Volume 45 Number 178,
July-September 2014
The Multidimensional Poverty Index and Poverty Traps in the Southern Cone
María Emma Santos *
Date received: August 2, 2013. Date accepted: January 6, 2014
Abstract

This work proposes using the Multidimensional Poverty Index (MPI) as an indicator to quantify poverty traps in countries, as it allows us to measure the impact and intensity of poverty for those lacking in various basic areas simultaneously. The MPI is interesting for this purpose, both because it serves to complement measures of poverty by income over time, and because it may be a more viable tool for periodic use in the absence of panel data. This work examines the MPI for five Southern Cone countries.

Keywords: Southern Cone, poverty trap, multidimensional poverty index, measurement methodologies, social problems.
INTRODUCTION

Poverty is frequently described as a vicious cycle or poverty trap because there is a self-reinforcing mechanism that causes poverty to persist (Azariadis et al., 2005: 326). From a formal perspective, a poverty trap refers to a situation in which there are at least two equilibria – one good and one bad – and the system works intrinsically to ensure that the bad equilibrium is perpetuated and the good one cannot be achieved given the current conditions (London and Rojas, 2013). This multiple equilibria situation is defined by one or more critical thresholds (usually wealth cutoffs) that are difficult for people to overcome from below (Barret and Peak, 2006).

The concept of poverty traps has long existed in development theory, with fundamental works by Young (1928), Rosestein-Rodan (1943), Nurske (1952), Myrdal (1957) and Leibenstein (1957). These ideas were revisited decades later and formalized in a variety of macroeconomic (economic growth models) and microeconomic models (focused on individual agents). Both types of models sought to explain different accumulation paths, some of which have inherent self-reinforcing poverty trap mechanisms, including: economies of scale, positive externalities, the presence of complements, imperfect competition, the failure of some markets (principally capital markets) and the recognition of the importance of an institutional framework to regulate economic transactions.1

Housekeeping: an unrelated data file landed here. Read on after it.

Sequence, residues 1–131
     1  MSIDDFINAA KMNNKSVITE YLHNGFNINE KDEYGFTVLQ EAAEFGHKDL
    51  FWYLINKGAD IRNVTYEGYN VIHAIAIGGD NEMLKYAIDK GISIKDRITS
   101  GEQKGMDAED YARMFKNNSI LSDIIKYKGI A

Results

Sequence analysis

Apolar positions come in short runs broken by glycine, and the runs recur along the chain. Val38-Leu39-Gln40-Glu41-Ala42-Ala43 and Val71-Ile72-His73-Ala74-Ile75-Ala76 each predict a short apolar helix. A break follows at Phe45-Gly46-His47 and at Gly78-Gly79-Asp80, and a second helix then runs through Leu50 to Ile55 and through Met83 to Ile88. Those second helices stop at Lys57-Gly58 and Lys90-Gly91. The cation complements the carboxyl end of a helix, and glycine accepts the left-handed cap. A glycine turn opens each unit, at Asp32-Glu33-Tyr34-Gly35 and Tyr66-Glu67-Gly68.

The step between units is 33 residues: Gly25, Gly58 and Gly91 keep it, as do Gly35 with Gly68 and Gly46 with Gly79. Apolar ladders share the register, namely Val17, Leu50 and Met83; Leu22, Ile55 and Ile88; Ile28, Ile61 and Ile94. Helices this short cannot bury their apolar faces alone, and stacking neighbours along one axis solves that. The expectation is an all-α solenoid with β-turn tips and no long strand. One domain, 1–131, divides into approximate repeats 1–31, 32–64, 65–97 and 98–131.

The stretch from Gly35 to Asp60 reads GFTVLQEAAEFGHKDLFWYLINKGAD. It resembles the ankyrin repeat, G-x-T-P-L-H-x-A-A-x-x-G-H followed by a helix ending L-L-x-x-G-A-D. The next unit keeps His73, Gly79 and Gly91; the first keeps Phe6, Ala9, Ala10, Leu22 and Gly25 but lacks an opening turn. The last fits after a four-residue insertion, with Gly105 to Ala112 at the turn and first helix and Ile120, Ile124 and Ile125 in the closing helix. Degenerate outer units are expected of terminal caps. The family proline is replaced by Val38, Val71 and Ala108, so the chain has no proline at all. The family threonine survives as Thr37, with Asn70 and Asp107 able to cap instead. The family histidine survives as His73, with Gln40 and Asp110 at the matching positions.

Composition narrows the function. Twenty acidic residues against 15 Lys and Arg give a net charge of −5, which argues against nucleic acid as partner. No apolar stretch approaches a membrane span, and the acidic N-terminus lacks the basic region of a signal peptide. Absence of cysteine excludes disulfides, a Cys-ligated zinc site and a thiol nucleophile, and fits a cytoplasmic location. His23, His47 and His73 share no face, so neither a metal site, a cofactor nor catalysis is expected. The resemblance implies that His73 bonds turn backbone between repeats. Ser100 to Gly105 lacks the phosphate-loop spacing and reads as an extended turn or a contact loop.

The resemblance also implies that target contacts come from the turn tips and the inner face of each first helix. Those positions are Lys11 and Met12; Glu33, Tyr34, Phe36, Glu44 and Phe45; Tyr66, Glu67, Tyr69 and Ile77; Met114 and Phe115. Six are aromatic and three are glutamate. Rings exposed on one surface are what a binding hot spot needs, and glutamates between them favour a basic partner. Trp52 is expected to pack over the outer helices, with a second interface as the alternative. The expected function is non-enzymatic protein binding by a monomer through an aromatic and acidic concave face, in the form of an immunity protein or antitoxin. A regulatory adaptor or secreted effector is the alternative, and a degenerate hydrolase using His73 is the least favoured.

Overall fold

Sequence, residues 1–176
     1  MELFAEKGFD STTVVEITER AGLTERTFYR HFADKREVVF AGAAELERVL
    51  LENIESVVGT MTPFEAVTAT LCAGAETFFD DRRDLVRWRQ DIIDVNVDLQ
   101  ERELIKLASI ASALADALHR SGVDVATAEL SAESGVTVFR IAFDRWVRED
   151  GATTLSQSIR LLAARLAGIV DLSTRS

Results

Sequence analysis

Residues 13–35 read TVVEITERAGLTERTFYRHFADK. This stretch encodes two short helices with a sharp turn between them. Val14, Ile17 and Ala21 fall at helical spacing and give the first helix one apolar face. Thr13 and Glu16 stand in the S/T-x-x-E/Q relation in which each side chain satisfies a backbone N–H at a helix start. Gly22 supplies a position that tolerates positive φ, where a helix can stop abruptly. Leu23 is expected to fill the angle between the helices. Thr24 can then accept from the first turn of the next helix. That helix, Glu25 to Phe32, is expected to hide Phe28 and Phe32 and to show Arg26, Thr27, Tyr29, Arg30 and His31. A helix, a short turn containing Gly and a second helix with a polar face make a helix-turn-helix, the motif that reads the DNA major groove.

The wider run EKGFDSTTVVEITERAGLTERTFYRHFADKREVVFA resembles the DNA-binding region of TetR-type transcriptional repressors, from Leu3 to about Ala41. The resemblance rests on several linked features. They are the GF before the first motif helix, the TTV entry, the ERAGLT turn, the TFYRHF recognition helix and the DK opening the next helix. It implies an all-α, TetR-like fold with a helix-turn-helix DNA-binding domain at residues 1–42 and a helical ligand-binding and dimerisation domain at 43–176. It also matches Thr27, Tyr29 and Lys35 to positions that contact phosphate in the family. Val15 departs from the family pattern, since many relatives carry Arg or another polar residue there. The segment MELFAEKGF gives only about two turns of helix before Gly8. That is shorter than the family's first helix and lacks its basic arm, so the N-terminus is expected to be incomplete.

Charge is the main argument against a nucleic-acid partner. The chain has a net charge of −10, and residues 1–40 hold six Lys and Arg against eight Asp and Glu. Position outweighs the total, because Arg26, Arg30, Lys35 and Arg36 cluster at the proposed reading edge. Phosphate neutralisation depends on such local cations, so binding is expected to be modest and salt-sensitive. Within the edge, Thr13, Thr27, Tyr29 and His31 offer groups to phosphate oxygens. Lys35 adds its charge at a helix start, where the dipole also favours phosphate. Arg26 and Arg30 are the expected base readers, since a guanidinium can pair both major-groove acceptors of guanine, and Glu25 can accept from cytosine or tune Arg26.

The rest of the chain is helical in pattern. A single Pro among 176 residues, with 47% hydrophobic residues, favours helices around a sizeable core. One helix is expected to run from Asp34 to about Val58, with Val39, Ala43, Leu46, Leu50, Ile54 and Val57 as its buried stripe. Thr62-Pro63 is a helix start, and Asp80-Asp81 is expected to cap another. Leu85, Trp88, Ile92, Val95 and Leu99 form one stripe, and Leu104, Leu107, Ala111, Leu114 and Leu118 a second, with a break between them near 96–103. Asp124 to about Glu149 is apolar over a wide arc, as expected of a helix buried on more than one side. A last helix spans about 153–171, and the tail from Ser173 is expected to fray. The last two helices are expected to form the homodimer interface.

From an empirical perspective, because poverty traps are important in designing policies, they are relevant when measuring poverty. However, the cross-sectional income poverty measurements that are typically used (such as the proportion of people living on less than 1.25 USD/day) do not quantify poverty traps, because they merely reflect insufficient income in a certain moment in time. They do not indicate if the problem is persistent, or whether the person is also deprived in other non-monetary ways.

To come up with a notion of a trap, we need to measure income poverty over time. The literature on measuring poverty over time is growing, and these works discriminate between chronic and temporary poverty. They estimate these measures using panel data to follow the same household or person over a time period and identify those that remain below the poverty line in multiple time periods.

However, panel data is scarce and, besides a few specific programs, tends to cover rather brief time periods, which makes it difficult to estimate how many people are in poverty traps. For this reason, this work proposes using the multidimensional poverty index introduced by Alkire et al. (2010, 2014) and published in the Human Development Report since 2010 (PNUD, 2010, 2011, 2013) as one alternative to measure poverty traps.

The MPI measures acute poverty, defined by two features. First, it refers to people living in conditions that do not meet the internationally defined standards for basic functions, such as good nutrition and access to drinking water.2 Second, it describes people that do not meet the minimum standards for various aspects simultaneously, that is, people that experience multiple deprivations.

According to Amartya Sen’s approach, these different sets of functions that people can achieve constitute capabilities. Many of these capabilities are connected in such a way that developing certain capabilities facilitates and promotes developing others, meaning they are mutually complementary. Moreover, in some cases, they are interrelated in such a way that certain thresholds must be achieved for some capabilities in order to obtain others. For example, many studies have found that adequate nutrition is a necessary precursor to intellectual development (Glewwe et al., 2001) and productive employment (Dasgupta et al., 1986). In addition, household conditions (such as access to drinking water and improved sanitation) also impact achieving minimum health (WHO and UNICEF, 2000), which in turn affects other areas.